Central regions | Technology & innovation

Cancer cells get killed when new nanoparticles and protein come along

19 Sep '22
Russian scientists have developed new polymer-based nanoparticles for targeted delivery of anti-tumor drugs.

A collaborative team from Mendeleev University and two more Moscow-based research hubs has come up with nanoparticles that, when bonded to a specific protein called cytokine (designated TRAIL DR5), become capable of causing death of cancer cells. In the experiments, the cytokine closely interacted with the so-called death receptors on the surface of tumorous cells, thus triggering their self-destruction.

The human body is a self-regulating system that always keeps cells growth and development under control. The system marks the cells in which pathological change has been spotted, and then kick-starts the process of their self-annihilation. The cytokine proteins play a crucial role in this and have long been looked into as possible vehicles for cancer therapy.

Many attempts have been made across the world to harness the counter-tumor properties of the cytokine since the TRAIL was first discovered 25 or so years ago. Serious problems have been faced in the process, though. The TRAIL works with some cancer types and fails with others; why some tumorous cells can resist the protein and others cant has yet to be fully understood. In addition, the human body may or may not generate enough cytokines to inhibit a tumor as it starts growing. The free (unbonded) TRAIL could be administered artificially, but the kidneys discharge it too fast for the protein to be able to do its expected job.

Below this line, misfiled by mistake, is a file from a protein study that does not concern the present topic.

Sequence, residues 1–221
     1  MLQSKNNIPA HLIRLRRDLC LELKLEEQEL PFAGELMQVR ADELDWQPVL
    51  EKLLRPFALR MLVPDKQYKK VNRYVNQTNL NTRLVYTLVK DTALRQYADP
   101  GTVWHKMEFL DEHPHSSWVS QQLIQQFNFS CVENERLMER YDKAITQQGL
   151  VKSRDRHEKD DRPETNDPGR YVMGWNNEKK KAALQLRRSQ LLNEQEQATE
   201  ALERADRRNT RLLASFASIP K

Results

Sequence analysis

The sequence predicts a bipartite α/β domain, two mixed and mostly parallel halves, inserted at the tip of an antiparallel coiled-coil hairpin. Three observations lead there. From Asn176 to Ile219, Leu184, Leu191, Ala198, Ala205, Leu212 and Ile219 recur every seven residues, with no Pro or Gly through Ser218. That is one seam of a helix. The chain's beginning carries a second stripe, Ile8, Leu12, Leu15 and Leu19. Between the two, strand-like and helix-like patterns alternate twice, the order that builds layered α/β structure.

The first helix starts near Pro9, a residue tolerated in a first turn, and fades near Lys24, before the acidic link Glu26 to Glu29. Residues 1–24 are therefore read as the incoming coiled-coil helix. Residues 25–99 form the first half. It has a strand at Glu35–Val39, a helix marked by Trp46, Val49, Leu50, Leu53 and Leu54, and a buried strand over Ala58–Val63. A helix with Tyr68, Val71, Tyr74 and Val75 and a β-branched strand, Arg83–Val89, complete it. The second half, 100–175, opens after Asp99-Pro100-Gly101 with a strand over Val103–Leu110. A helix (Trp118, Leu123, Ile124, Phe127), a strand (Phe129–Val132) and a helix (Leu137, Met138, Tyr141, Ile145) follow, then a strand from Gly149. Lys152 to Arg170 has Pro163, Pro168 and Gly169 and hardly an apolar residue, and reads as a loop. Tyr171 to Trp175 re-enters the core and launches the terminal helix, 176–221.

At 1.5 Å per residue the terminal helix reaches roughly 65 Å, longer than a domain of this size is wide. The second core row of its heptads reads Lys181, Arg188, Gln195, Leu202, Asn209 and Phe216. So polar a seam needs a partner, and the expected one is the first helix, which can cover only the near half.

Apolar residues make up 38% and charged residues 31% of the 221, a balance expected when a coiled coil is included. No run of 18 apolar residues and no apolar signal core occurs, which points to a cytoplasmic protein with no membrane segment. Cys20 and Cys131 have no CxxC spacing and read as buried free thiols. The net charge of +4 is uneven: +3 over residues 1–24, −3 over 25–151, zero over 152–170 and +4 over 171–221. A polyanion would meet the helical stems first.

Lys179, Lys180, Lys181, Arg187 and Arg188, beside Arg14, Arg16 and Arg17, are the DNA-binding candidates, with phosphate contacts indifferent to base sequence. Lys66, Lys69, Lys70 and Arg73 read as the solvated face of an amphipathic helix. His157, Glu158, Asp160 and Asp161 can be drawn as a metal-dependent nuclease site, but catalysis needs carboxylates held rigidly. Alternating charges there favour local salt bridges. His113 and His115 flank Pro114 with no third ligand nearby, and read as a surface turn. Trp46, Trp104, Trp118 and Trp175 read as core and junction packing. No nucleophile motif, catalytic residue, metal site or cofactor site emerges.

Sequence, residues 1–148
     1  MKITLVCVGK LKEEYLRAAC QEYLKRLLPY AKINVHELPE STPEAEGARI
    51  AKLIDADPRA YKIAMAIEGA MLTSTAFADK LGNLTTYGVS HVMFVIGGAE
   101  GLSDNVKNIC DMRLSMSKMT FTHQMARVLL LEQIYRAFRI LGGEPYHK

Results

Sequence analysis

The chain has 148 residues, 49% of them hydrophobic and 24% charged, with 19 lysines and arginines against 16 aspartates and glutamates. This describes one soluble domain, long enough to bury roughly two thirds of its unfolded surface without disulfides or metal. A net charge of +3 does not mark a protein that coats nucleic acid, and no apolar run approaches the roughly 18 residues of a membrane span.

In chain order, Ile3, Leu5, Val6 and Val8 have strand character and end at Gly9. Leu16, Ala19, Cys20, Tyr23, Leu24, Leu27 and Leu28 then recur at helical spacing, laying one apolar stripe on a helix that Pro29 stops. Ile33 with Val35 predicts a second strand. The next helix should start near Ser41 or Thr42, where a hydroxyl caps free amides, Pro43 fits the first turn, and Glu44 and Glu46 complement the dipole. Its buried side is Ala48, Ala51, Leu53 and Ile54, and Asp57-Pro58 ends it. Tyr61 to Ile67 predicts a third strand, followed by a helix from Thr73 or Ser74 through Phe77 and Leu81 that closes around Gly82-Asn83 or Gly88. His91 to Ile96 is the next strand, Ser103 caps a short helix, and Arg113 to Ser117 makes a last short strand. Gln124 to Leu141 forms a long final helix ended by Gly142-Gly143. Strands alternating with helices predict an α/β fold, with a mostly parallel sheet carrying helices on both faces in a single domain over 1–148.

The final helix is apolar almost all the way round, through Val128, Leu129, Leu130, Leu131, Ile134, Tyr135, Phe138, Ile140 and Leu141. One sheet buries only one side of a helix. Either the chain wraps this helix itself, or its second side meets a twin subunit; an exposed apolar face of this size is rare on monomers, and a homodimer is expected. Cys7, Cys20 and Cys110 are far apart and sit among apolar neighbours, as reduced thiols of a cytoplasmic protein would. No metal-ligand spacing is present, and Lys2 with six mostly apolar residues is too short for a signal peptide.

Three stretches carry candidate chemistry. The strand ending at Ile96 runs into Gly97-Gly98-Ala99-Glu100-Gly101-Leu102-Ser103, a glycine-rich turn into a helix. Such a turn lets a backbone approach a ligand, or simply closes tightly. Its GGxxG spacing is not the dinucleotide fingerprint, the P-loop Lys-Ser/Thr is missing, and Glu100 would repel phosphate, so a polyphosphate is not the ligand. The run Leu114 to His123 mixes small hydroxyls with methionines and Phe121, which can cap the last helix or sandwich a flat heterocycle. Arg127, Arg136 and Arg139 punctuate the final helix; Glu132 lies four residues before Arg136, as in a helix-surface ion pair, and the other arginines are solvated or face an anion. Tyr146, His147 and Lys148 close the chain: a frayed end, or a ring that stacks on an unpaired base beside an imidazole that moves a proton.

According to Dr. Andrei Kuskov of Mendeleev University, one of the co-experimenters, his team secured the molecules of the DR5-specific cytokine on the surface of polymer-based nanoparticles. The researchers found that the protein-nanoparticles conjugation stepped up the cytokines ability to kill cancer cells. Whats more, it took much fewer cytokines in their bonded form to achieve good enough therapeutic effect - just one-tenth of what would have been needed if the free protein had been used.

It is critical to note that healthy human cells that surrounded the cancer ones were left unscathed in the experiment. Research with breast adenocarcinoma cells has led the team to believe that the DR5-specific cytokine concentrates on its target and sends afflicted cells a very powerful signal that triggers their self-destruction.
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Locations: Moscow

Tags: self destruction (0) / polymer based nanoparticles (0) / cytokine (0) / cancer cells (0) / TRAIL DR5 (0) / Mendeleev University (0) / Andrei Kuskov (0) /

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